The Hidden Minority

I have to say that I am encouraged by the current push of contemporary fairy tales. They give women a voice and often make them front and center as heroes in their own stories. The LGBT community finally has a glimmer of hope in seeing protagonists that have the same thoughts and feelings as they do. Latinos, African-Americans, Asians, and myriad cultures are being discovered within the pages of novels which before had almost ignored their existence. I don’t think we’ve reached the goal of true diversity in stories, but I can see light at the end of the tunnel.

Except for one slice of the underrepresented pie…

Now, I’m willing to be proven wrong on this front, but I think stories have failed to acknowledge a particular segment of society. It’s one that exists across all borders, within every culture and comes from every socio-economic background. I speak, of course, of the Plus-Sized protagonist. In an age where we worry that the population is overweight and health issues like diabetes, high cholesterol and heart disease are of serious concern, I understand why we are reluctant to glorify a state which could bring about all of these things. Then again, we glorify the bad boy who after years of being a dick can find his heart because of the love of a nice girl.

Here’s the deal. I don’t hate skinny girls. I will admit to the occasional bouts of “big girl rage” when I skip dessert but want to chow down on some cake. But I can’t be angry at someone who can eat anything they want while I have to exercise in order to stay in my favorite jeans. Everyone has something! I just don’t understand why every heroine (and hero for that matter) has to be willowy thin with athletic abilities. How is it that the bookishly smart hero, who spends all his time in the library also manages to have a perfect BMI? Is the chubby sister any less deserving of a prince than her wasp-waisted sibling?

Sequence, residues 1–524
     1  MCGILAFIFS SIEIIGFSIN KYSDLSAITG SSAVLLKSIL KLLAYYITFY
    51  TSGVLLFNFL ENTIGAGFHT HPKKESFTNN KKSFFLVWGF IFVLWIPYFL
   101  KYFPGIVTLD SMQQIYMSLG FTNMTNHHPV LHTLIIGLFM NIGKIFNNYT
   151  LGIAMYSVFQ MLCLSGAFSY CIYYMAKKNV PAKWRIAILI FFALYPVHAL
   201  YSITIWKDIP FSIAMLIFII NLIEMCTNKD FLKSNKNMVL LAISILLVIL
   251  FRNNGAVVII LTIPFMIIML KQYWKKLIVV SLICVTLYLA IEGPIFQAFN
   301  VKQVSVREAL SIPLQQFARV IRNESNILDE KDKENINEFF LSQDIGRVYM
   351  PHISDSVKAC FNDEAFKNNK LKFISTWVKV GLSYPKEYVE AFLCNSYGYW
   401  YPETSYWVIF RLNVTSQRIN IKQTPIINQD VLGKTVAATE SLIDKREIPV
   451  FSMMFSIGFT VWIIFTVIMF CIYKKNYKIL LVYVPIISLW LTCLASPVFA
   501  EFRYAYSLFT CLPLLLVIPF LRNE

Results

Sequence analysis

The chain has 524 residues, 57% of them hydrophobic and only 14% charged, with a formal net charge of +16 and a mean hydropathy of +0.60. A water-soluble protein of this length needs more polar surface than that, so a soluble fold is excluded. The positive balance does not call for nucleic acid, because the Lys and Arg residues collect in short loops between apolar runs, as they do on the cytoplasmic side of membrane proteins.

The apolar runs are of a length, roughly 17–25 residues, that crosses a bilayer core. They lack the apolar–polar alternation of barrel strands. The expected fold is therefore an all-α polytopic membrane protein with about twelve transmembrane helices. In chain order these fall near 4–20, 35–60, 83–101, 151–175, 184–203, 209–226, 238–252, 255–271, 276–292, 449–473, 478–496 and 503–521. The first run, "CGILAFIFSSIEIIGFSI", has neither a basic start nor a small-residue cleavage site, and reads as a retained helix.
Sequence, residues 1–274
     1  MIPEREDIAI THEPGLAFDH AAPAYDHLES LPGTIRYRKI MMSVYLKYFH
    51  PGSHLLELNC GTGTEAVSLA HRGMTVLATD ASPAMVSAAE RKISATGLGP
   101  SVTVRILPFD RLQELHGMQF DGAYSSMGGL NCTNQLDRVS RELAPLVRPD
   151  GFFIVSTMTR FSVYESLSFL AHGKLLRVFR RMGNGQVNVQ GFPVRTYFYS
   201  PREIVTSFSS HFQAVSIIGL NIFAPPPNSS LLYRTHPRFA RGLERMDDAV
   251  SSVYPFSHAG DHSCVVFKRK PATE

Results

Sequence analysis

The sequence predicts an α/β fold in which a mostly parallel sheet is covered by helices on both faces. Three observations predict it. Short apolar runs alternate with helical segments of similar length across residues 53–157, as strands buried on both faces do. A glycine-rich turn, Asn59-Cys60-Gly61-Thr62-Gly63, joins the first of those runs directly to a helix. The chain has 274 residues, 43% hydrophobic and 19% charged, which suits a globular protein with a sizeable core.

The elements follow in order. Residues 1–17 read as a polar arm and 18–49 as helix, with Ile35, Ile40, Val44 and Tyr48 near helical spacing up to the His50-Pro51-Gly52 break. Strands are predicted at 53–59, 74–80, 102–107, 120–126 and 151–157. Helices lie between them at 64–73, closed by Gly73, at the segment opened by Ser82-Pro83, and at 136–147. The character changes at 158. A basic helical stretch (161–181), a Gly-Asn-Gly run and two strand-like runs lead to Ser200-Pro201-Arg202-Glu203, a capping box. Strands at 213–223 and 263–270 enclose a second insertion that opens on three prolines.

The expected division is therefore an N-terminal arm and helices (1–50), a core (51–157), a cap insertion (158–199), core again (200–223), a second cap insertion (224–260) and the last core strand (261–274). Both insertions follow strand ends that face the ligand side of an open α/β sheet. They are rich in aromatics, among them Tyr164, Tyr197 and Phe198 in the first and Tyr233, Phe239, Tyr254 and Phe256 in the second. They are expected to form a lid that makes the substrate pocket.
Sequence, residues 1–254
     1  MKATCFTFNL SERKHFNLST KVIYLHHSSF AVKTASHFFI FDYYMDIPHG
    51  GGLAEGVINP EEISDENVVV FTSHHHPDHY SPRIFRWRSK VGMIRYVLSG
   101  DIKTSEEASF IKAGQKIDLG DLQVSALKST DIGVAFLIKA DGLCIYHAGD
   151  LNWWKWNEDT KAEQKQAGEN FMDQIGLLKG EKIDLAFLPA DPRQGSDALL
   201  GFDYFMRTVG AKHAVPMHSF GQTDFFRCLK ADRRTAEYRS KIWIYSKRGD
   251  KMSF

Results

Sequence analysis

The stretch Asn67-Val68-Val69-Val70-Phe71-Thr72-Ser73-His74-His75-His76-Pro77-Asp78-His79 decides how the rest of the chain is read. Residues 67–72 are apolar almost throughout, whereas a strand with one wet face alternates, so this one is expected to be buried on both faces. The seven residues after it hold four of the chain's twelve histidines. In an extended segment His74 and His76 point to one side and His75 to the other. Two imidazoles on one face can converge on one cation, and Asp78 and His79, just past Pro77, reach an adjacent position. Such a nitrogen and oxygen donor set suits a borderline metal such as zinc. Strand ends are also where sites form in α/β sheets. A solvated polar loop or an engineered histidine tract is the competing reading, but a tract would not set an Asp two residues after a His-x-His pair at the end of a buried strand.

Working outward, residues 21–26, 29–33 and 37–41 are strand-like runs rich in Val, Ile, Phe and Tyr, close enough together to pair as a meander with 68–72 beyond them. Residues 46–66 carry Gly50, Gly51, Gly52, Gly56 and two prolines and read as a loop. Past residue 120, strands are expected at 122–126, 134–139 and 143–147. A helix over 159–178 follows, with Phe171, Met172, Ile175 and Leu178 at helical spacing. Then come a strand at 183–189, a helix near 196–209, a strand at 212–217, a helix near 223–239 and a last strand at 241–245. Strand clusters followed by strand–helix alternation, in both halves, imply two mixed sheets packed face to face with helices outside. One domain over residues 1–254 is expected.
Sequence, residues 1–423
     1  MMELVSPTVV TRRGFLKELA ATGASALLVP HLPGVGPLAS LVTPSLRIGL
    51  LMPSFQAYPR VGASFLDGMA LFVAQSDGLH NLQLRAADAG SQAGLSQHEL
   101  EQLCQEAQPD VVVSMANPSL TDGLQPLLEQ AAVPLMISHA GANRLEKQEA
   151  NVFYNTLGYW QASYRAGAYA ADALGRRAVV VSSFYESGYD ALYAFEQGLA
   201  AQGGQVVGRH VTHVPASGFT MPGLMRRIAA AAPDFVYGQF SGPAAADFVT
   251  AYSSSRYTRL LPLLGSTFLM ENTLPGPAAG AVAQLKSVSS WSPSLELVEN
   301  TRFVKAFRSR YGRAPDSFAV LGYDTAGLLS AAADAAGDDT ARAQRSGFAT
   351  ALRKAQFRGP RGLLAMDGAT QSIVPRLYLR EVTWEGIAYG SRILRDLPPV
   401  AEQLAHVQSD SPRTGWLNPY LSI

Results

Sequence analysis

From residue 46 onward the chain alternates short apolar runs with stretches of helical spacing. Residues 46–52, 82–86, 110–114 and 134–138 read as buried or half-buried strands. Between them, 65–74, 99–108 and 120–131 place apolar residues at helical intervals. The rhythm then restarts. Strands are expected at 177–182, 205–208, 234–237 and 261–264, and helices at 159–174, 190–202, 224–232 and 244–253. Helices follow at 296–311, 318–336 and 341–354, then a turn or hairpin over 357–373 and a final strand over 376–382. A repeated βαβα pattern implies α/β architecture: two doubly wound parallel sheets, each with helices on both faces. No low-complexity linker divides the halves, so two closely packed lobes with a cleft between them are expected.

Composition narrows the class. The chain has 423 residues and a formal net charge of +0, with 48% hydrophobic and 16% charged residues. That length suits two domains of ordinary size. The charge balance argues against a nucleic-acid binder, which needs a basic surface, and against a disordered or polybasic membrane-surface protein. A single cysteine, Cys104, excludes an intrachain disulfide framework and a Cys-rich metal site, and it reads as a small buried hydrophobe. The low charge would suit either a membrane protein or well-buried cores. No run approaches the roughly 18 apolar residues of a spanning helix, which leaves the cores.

I suppose I can imagine anyone as Sleeping Beauty or the miller’s daughter in Rumpelstiltskin. That’s the power of an immersive story. But then I see the story come to life on screen. Yes, I’m one of those annoying people who whispers “The book was so much better”, but we live in a visual age. Even if I don’t want to see the movie version of The Great Gatsby, I can’t help but think of Leonardo DiCaprio whenever I read F. Scott Fitzgerald’s book. So unless I want to live under a rock, the actors cast as my favorite characters tend to stick in my imagination. Would it be so wrong to hope for The Zaftig Mermaid (something to keep her warm in the big ocean) or a pleasantly plump set of sisters in Frozen (for the cold winter nights)? Red Riding Hood and Cinderella were work horse, traipsing through the woods with heavy packages and cleaning house for an exacting step-mother, respectively, so I understand their thinness. Couldn’t Belle have been just as…belle…if her voracious reading came with a chocolate and croissant habit? Rapunzel was looked up in a tower, for goodness sakes, and you’re telling me she couldn’t have been cute if she were full-figured? Yes, I’m fixating on Disney, but it has given us the most popular versions of these heroines.